Discussion in 'Habitat Forum' started by BT, Jul 2, 2006.

  1. BT

    BT Senior Refuge Member

    Dec 10, 2000
    Mosheim, TN
    Just wondering about the pros and cons of WRP. The pros seem pretty good if you can get in. Was wondering if anybody that's in has any regrets. Here in TN, I believe the M. O. is to fix the impoundments, then put the rest back in bottomland hardwoods, with no more than 5% in food plots. Any body have experience? Thanks
  2. Skip OK

    Skip OK Elite Refuge Member

    Mar 11, 2000
    Oklahoma, USA
    Most of the people I know with land i nWRP are not allowed to make ANY food plots, unless it is specifically wrtten in their plan.

    Also, most of the folks I know who have WRP are either in 30 year or permanent easements, so changing your mind if soy bean hit $20/bu isn't going to happen very often.

    I think we may be seeing some CRP lands up in the PPR not be re-enrolled just because the farmers can make more $$$ if the lands are cropped. That could be a problem long term, if your heirs don;t like that uncle Henry's back 40 can't be logged and plowed up.
  3. fingerlakes fowler

    fingerlakes fowler Refuge Member

    Feb 7, 2005
    New York
    I just finished the process of enrolling 91 acres into a permanent easement. The process took nearly 2 years. I'm just waiting for it to stop raining so it can dry up to get the pond work started. When finished I should have about 13 acres of water suface area at depths of 1-4 foot. Once the paperwork is signed there is no logging, planting,haying or food plots. You have to make sure this is the route you want to go because there is NO changing your mind once the paperwork is signed. I did it so my property would become a housing tract or trailer park 100 years after I'm gone.
  4. po' refugee

    po' refugee Elite Refuge Member

    Oct 28, 2005
    Parts unknown...
    If you're looking to develop a waterfowl hunting property it is a GREAT deal! The NRCS will work very closely with you during the process (lots of free advice, engineering help, etc.) Depending on the size of your project you may also get your state waterfowl association involved to.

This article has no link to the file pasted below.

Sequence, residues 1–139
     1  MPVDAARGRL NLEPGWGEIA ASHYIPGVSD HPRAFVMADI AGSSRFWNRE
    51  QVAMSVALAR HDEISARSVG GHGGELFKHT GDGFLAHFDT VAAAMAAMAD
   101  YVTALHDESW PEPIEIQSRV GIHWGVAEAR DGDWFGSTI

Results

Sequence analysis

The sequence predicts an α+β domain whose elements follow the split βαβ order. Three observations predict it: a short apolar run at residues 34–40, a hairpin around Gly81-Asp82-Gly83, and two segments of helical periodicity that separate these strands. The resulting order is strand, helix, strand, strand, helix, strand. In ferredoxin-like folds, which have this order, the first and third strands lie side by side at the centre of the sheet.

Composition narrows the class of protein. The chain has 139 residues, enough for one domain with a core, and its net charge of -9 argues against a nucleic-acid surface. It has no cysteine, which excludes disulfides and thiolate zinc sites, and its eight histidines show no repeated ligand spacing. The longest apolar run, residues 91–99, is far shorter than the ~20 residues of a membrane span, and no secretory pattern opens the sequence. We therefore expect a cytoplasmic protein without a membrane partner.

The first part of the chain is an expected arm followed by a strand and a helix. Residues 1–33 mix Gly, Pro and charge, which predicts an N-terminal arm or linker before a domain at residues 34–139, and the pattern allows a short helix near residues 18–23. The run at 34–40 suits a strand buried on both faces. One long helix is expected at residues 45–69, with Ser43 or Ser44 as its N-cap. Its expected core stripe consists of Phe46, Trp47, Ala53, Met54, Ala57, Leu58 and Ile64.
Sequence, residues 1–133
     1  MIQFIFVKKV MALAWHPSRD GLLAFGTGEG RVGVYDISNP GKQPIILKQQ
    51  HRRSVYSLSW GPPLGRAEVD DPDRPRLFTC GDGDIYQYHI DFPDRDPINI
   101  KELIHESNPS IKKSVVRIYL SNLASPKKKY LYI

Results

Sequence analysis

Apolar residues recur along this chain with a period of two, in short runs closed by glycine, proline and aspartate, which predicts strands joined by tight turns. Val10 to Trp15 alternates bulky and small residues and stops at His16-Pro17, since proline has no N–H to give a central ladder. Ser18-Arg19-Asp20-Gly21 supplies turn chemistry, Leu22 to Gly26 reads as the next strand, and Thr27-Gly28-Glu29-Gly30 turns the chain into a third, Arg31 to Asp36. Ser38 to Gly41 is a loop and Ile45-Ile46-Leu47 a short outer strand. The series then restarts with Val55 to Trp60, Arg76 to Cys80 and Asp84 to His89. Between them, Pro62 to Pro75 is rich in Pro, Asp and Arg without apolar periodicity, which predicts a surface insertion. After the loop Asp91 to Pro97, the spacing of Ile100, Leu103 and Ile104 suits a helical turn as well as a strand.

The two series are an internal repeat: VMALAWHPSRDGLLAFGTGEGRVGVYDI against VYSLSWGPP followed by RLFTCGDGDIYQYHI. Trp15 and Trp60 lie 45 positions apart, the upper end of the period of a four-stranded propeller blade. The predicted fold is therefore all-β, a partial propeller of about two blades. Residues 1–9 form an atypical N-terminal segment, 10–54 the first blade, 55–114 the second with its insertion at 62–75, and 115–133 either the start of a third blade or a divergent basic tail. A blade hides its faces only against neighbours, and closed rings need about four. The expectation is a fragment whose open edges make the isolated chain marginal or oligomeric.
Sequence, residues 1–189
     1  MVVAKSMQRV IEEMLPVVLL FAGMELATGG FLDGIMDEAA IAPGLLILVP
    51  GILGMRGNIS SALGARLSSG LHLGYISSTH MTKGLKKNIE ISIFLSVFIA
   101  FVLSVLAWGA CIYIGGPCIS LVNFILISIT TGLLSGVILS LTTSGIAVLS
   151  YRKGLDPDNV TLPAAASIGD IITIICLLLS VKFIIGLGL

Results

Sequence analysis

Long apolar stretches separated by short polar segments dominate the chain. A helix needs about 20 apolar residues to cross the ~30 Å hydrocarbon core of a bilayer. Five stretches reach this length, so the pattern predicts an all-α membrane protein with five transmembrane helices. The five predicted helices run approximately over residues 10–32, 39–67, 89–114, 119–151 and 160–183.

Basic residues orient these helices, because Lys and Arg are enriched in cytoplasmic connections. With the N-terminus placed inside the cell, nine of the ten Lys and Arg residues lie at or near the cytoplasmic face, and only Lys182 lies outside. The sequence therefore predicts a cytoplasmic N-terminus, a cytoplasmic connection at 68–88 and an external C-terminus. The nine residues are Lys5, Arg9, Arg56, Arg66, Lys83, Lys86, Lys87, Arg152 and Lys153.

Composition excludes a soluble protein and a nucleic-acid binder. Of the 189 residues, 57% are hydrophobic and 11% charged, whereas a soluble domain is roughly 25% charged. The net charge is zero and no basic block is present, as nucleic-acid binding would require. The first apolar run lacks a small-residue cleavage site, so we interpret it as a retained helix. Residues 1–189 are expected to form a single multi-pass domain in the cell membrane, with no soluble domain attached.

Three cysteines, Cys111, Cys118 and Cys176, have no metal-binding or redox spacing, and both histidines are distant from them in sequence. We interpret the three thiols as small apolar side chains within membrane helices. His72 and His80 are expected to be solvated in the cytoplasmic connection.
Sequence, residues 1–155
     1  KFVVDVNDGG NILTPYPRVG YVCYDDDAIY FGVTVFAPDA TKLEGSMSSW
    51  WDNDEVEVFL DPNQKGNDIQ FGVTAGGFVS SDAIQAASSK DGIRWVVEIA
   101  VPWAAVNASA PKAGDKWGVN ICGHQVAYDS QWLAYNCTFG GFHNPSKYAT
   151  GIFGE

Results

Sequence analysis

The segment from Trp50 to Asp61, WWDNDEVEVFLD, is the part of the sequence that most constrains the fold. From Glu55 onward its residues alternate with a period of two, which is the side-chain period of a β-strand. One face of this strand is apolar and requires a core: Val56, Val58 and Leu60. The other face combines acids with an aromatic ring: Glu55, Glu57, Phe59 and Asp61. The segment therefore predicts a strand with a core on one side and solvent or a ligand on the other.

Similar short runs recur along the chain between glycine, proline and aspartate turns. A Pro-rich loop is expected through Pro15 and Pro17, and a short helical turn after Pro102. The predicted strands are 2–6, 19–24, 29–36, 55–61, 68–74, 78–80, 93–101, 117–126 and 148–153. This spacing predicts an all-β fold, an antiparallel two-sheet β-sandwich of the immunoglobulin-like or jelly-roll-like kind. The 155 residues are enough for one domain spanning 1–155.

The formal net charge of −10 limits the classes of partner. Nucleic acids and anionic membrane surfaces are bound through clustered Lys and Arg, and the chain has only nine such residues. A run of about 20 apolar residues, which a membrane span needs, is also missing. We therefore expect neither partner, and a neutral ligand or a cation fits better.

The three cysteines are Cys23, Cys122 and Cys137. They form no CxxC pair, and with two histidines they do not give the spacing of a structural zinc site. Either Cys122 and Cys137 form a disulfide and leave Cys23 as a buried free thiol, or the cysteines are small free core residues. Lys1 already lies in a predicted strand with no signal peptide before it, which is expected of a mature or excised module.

I'm not sure how much they will cost share, but it is a pretty big chunk! You may also lobby for funds from other groups to help out more.

    Food plots may be out, but you don't have to put the whole property in WRP, and they will still help you develop the ability to produce alot of high quality natural duck food (smart weed, watergrass) on WRP land.

    It gives the average farmer or landowner the ability to have a prime piece of duck ground without breaking the bank. Talk to your local NRCS office. They are good folks and will give you a ton of info. Good luck!!
  5. Redonthehead

    Redonthehead Elite Refuge Member

    Jan 7, 2005
    The middle zone of MO
    Several WRP plots I know of have filled up with willow and cottonwood sprouts and are so thick a duck couldn't get into it even if they could see any water. I do know of a couple of WRPs owned by duck hunters who battle the sprouts annually - I don't know if they are officially allowed to though.
  6. Tgrindlay

    Tgrindlay Elite Refuge Member

    Apr 25, 2000
    Seymour, IN
    Keep 6" water on those sprouts for a year and they will die. Wood ducks love those willow and cottonwood thickets. I have one that about 1,500 wood ducks congregate every year in the fall.
  7. ramsey

    ramsey Elite Refuge Member

    Jun 19, 2001
    Food plots, allowable practices, etc: get it all written into the conservation plan up front!

    The going market prie paid for wrp easements is seductive; but imho, not neccesarily the best thing for waterfowl. I've seen plenty - too many - great areas converted to roosts via wrp. I've also seen plenty - too many - great wrp projects suffer from mismanagement and no management.

    Good luck.

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